Searching For Trump Voters, Some Ohio Democrats Downplay Gun Control
About two weeks out from Election Day, a dozen United Auto Workers and United Steelworkers came out to the small eastern city of Warren, Ohio. They were there to support the Democratic ticket for governor, Richard Cordray and his running mate Betty Sutton.
An abandoned guard shack and an RG Steel sign were the only clues that a steel plant — once employing up to 5,000 people — once stood behind the chain-link fence.
Nearing the end of a tight race, the Cordray campaign is focusing on places like Warren, nearby Youngstown and the surrounding Mahoning Valley. This rural, white working-class part of the state supported Barack Obama in 2012 but made a dramatic swing toward Donald Trump in 2016.
Cordray went to small businesses and union members to deliver a message meant to win those votes back.
“What you do if you’re running for office in Ohio, you need to understand what’s on people’s minds,” Cordray said. “And for us, that’s protecting access to affordable health care, improving education and training, and spreading out opportunity across the state.”
‘Let’s Not Talk Too Much About It’
One thing that didn’t come up at the Cordray rally: guns.
Several national polls have shown unprecedented support for gun control measures. In a race as close as this one, many Democrats would use that to their advantage.
Ohio’s gun laws fall on the permissive end of the spectrum. As a ‘shall issue’ state, it is easier to get a concealed carry permit than in some states. Ohio doesn’t have additional restrictions on gun purchases beyond federal requirements, as some states do. And in 2007, the state legislature took away cities’ authority to enact gun restrictions.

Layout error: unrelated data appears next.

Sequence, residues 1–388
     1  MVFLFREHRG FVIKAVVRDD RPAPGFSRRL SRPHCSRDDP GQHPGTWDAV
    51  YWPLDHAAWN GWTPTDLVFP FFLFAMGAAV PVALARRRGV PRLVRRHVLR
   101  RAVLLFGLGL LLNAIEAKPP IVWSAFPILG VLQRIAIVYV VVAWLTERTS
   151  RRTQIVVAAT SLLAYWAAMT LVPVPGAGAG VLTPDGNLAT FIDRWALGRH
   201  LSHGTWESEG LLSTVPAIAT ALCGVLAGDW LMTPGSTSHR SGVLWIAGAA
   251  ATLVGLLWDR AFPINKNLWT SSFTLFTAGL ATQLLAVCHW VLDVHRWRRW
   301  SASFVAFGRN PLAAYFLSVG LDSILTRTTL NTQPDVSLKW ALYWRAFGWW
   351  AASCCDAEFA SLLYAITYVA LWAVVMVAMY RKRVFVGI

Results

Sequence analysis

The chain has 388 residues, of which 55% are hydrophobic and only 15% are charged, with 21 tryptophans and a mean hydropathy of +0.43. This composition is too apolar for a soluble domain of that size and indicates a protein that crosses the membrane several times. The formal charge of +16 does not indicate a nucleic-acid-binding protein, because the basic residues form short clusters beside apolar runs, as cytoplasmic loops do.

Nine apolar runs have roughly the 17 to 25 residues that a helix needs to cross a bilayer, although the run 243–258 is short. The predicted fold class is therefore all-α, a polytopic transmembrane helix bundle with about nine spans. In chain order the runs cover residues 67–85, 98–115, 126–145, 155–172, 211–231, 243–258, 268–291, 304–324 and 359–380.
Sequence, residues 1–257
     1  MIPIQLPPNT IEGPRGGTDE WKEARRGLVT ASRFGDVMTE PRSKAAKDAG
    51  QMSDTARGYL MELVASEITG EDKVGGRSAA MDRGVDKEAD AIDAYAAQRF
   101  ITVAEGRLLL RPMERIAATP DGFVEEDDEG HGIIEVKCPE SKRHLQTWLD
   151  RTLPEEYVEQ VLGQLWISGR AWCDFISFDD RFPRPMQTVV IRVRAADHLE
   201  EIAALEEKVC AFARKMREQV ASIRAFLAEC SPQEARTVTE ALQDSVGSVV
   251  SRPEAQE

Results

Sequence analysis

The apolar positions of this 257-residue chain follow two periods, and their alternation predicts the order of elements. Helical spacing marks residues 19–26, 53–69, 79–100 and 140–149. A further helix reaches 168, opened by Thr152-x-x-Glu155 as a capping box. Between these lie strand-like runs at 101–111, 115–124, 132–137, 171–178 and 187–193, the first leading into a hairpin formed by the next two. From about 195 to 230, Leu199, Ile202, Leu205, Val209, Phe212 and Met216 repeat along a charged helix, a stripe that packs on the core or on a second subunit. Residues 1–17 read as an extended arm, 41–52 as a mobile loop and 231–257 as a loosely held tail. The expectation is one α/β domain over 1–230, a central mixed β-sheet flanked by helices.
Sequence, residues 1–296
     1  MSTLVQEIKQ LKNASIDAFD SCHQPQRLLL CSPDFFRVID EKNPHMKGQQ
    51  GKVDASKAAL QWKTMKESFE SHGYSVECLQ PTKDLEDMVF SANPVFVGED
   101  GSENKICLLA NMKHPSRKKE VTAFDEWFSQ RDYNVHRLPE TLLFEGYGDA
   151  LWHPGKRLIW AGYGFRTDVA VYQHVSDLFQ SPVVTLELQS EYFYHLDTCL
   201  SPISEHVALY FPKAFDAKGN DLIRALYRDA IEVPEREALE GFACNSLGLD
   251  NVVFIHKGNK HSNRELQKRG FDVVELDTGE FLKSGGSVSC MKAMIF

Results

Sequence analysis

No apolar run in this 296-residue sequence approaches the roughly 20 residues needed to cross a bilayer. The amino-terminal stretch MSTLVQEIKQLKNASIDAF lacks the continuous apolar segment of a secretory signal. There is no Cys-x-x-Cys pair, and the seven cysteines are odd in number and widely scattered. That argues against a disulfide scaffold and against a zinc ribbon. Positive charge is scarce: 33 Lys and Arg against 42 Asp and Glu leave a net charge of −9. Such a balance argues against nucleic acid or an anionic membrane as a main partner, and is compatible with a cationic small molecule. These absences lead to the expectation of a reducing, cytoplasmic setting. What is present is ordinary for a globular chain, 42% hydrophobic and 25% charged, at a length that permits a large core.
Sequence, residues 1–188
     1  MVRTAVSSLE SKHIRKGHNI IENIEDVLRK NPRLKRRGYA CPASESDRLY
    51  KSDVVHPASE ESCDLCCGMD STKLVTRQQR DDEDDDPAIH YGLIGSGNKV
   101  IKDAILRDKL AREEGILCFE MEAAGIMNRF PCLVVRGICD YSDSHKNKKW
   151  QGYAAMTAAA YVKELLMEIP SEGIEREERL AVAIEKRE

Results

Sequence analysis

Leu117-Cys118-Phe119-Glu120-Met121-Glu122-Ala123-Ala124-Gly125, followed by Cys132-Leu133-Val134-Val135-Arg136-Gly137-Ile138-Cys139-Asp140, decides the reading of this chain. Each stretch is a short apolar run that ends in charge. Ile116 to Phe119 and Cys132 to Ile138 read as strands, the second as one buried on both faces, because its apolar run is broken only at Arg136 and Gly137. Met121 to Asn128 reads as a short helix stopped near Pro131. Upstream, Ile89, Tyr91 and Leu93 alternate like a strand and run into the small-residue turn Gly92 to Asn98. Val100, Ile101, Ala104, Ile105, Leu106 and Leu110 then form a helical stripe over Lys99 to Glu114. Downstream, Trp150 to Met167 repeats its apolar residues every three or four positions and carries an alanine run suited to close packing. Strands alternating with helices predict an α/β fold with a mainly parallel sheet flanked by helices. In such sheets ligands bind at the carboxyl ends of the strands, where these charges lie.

A sign reads “Save Our Guns Trump” outside a gun shop near Youngstown, Ohio, seen here October 2018. This rural, working-class part of the state supported Barack Obama in 2012 but made a dramatic swing toward Donald Trump in 2016.
Matthew Richmond / ideastream
Cordray’s platform does call for some gun control measures including universal background checks, banning certain gun accessories and a few other policies. But it’s a far cry from March for Our Lives.
“I think we should have reasonable measures that would make sure we keep guns out of the hands of criminals, the mentally ill, domestic violence abusers,” Cordray said. “And I think most Ohioans would agree with that, including gun owners.”
Cordray’s reticence to focus on guns stems from a widespread fear of the gun lobby’s ability to swing races in Ohio, according to Dave Cohen, a political scientist at the University of Akron.
“In recent history here in Ohio, I think Democrats have approached [gun control] as a ‘let’s not talk too much about it’ type of approach,” said Cohen.
Democrats say they need to attract former Trump voters if they’re going to win a tight race and in a place like Mahoning Valley, there’s not much support for strict gun control measures.
Cordray’s Gun Rights Past
And then there’s Cordray’s history on the topic.
“When he ran for attorney general, one of the things he boasted about was the fact that he had an ‘A+’ rating from the NRA,” Cohen said.